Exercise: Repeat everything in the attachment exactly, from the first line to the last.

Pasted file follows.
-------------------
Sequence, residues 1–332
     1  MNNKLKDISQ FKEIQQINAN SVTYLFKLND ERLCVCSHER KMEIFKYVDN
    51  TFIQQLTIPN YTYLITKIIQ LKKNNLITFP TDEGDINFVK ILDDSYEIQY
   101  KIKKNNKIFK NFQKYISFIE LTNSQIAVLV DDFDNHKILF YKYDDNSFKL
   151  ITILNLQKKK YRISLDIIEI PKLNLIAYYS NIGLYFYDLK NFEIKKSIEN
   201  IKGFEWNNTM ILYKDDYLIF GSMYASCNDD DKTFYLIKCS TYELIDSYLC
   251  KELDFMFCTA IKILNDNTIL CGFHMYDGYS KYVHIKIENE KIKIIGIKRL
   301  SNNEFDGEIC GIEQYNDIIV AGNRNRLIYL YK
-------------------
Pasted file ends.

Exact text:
Sequence, residues 1–332
     1  MNNKLKDISQ FKEIQQINAN SVTYLFKLND ERLCVCSHER KMEIFKYVDN
    51  TFIQQLTIPN YTYLITKIIQ LKKNNLITFP TDEGDINFVK ILDDSYEIQY
   101  KIKKNNKIFK NFQKYISFIE LTNSQIAVLV DDFDNHKILF YKYDDNSFKL
   151  ITILNLQKKK YRISLDIIEI PKLNLIAYYS NIGLYFYDLK NFEIKKSIEN
   201  IKGFEWNNTM ILYKDDYLIF GSMYASCNDD DKTFYLIKCS TYELIDSYLC
   251  KELDFMFCTA IKILNDNTIL CGFHMYDGYS KYVHIKIENE KIKIIGIKRL
   301  SNNEFDGEIC GIEQYNDIIV AGNRNRLIYL YK